We have already had the next dish, but it didn’t matter since it’s really one of our favorite Morimoto offerings. But they did something special in that they gave us a combined version of the Toro and Hamachi Tartares that are served finely minced on a glass palette. The accoutrements, added to taste prior to dipping in the soy sauce, included wasabi, nori paste, sour cream, avocado, onion and crunchy rice pearls:
The first surf-and-turf dish came with Wagyu beef and octopus carpaccios that have been flash-cooked in hot oil and dressed with yuzu. The octopus was a little rubbery, but the beef was definitely melt-in-the-mouth great:
The Sea Urchin Carbonara is available at all of the Morimoto’s, but it was a welcome repeat dish for us since we love our uni. This very Japanese interpretation of the Italian classic included Udon noodle, smoked bacon bits, peas and crispy shallots in a creamy sea urchin sauce. The nori (dried seaweed) strips that topped the bowl added even more umami to the very rich dish as it was all stirred together. Interestingly enough, the uni used for this dish came from Boston:
This next dish was a special creation just for us to sate our craving for the banned goose liver. See-through slices of Bigeye tuna draped over a piece of seared foie gras, resting on a buttery piece of toasted brioche:
Here’s a cross-section view of this successful surf-and-turf dish, which they really should consider putting on the menu:
As an intermezzo to prepare us for the next phase, they brought out a soursop sorbet with a beautiful gold-dusted bittersweet chocolate flower. A cousin to the cherimoya, the soursop brought a nice tropical taste of kiwi, banana and pineapple, with just enough tartness to act as a palate cleanser:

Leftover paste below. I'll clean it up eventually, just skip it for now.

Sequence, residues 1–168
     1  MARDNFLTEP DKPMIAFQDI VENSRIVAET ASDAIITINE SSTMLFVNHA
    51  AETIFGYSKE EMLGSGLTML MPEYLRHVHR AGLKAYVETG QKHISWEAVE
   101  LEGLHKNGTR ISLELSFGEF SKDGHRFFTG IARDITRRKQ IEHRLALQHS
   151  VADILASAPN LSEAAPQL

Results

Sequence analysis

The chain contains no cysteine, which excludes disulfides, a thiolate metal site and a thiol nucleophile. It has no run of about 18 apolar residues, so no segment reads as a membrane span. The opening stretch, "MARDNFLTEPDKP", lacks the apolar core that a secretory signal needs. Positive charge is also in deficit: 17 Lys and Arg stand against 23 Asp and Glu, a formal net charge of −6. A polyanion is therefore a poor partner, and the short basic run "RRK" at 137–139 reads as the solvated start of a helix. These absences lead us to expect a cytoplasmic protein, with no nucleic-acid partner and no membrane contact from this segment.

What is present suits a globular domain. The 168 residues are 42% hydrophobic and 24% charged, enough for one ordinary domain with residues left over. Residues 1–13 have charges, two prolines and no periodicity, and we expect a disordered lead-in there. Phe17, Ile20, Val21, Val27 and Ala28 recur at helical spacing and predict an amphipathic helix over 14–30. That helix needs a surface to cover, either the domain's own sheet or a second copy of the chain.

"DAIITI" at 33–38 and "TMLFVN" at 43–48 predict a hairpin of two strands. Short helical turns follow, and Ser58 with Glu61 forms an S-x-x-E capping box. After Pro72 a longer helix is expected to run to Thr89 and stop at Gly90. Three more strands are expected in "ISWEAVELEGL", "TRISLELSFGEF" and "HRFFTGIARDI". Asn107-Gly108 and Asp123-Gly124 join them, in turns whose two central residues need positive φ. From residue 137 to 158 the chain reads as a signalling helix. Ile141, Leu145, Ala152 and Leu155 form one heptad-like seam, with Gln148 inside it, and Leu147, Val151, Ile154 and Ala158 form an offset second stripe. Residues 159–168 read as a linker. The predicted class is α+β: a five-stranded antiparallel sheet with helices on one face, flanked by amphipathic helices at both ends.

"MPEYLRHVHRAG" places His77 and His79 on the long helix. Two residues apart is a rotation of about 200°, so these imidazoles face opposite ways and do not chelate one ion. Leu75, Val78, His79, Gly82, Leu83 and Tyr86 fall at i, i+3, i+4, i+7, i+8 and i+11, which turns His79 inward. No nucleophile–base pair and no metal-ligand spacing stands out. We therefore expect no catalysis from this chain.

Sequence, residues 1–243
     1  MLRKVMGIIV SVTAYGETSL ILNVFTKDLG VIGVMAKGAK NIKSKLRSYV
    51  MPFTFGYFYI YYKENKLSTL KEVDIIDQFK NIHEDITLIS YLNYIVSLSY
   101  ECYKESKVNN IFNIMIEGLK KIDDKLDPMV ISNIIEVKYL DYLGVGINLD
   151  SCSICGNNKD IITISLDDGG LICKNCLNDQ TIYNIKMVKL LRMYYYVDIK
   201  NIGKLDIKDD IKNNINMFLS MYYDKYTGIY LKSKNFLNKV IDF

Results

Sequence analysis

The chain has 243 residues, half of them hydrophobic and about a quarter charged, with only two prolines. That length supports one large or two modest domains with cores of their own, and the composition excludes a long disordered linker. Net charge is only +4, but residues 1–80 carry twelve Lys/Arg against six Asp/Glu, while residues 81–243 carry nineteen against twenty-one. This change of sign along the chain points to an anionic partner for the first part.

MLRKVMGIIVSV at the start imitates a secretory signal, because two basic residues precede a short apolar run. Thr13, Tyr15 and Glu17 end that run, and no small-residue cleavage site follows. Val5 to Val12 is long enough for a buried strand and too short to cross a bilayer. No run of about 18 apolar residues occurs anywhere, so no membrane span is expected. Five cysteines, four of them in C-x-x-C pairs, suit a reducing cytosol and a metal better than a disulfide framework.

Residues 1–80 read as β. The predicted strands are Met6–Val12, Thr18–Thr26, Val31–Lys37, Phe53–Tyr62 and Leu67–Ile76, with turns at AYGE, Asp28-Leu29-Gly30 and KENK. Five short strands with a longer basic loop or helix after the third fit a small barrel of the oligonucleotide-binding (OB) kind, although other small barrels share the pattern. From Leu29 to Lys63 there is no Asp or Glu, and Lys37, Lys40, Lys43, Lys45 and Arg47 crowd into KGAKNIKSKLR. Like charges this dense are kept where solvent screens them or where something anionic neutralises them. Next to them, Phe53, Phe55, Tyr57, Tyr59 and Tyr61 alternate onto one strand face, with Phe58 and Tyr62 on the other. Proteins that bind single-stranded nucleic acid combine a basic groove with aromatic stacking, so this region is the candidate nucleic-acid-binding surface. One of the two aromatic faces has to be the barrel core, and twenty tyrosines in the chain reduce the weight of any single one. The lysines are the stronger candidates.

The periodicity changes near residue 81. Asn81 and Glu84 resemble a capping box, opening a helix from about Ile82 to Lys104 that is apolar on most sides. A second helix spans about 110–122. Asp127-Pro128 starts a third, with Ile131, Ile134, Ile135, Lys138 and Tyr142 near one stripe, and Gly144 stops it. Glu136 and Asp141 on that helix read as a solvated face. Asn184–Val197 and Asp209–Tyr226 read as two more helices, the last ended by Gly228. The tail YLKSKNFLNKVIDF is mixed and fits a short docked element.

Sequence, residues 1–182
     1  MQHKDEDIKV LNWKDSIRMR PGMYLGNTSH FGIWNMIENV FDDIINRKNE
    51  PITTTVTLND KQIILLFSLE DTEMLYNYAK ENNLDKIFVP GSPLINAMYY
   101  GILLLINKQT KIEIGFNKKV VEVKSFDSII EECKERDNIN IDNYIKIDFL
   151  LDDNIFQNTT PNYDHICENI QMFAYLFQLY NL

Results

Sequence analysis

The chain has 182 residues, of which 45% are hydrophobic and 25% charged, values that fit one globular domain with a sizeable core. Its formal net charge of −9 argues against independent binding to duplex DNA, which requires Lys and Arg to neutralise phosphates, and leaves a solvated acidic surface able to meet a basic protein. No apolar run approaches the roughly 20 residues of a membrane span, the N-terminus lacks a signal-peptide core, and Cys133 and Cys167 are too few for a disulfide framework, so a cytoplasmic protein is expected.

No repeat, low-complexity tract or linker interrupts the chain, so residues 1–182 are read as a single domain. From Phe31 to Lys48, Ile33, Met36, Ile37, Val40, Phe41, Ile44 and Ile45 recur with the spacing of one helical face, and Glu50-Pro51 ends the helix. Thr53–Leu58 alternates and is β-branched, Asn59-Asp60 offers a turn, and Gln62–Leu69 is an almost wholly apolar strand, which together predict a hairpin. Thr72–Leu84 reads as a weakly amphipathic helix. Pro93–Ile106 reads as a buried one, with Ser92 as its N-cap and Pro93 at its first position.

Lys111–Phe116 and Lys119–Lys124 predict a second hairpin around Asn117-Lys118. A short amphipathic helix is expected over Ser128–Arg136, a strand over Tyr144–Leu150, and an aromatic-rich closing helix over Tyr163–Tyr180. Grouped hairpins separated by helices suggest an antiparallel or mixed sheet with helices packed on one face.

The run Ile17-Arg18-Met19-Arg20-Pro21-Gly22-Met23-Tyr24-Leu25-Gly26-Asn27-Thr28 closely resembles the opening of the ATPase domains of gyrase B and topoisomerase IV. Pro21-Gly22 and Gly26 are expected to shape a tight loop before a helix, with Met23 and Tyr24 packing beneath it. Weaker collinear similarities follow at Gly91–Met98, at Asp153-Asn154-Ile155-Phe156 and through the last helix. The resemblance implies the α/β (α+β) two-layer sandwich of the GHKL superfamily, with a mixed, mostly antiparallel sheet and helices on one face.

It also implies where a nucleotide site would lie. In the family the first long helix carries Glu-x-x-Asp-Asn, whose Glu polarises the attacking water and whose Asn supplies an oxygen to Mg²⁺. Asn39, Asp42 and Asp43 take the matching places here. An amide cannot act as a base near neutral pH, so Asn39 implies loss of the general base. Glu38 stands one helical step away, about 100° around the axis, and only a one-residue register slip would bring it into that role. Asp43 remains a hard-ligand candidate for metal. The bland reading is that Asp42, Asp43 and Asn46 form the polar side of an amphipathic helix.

The sushi course was next: pieces of Chu-Toro (medium fatty tuna belly), Needlefish, the Iron Chef’s famous Shikai Maki that looks like a stained glass window, Shima Aji and raw octopus:
The full size main entrée was comprised of surf-turf-surf components. On the left of the plate is abalone with glazed vegetables, and the center contained a very marbled Wagyu filet with a Korean black garlic sauce. The right side of the plate contained a grilled Opakapaka fish and mussels served with sushi rice and a delicate Thai curry sauce made with coconut milk:
We were pretty full at this point, but they served us the first of two dessert courses made up of aloe sorbet surrounded by soursop lime cream, grapefruit “caviar” and macadamia nut crunch. It was light, tropical and a perfect dessert to follow such an extravagant meal:
The last item did not disappoint the chocolate lover in us. Their pastry chef must be a wizard to concoct this chocolate two ways dessert that included a custard ice cream, coconut sponge cake, Surfing Girl goat feta mousse and tapioca pearls all topped with shredded phyllo dough:
With many thanks to the local staff, our experience at Morimoto Maui far exceeded that of our previous visits at other locations. It’s definitely worth seeking out on the Wailea side of the island, and is especially convenient for those staying at the Andaz hotel, our new home away from home in Maui.
Morimoto Omakase is Iron Chef Worthy (Sep 18, 2012)
Iron Chefs and More at the Hawaii Food and Wine Festival (Sep 13, 2012)
A Progressive Dinner at Morimoto and Oenotri in Napa (Dec 20, 2012)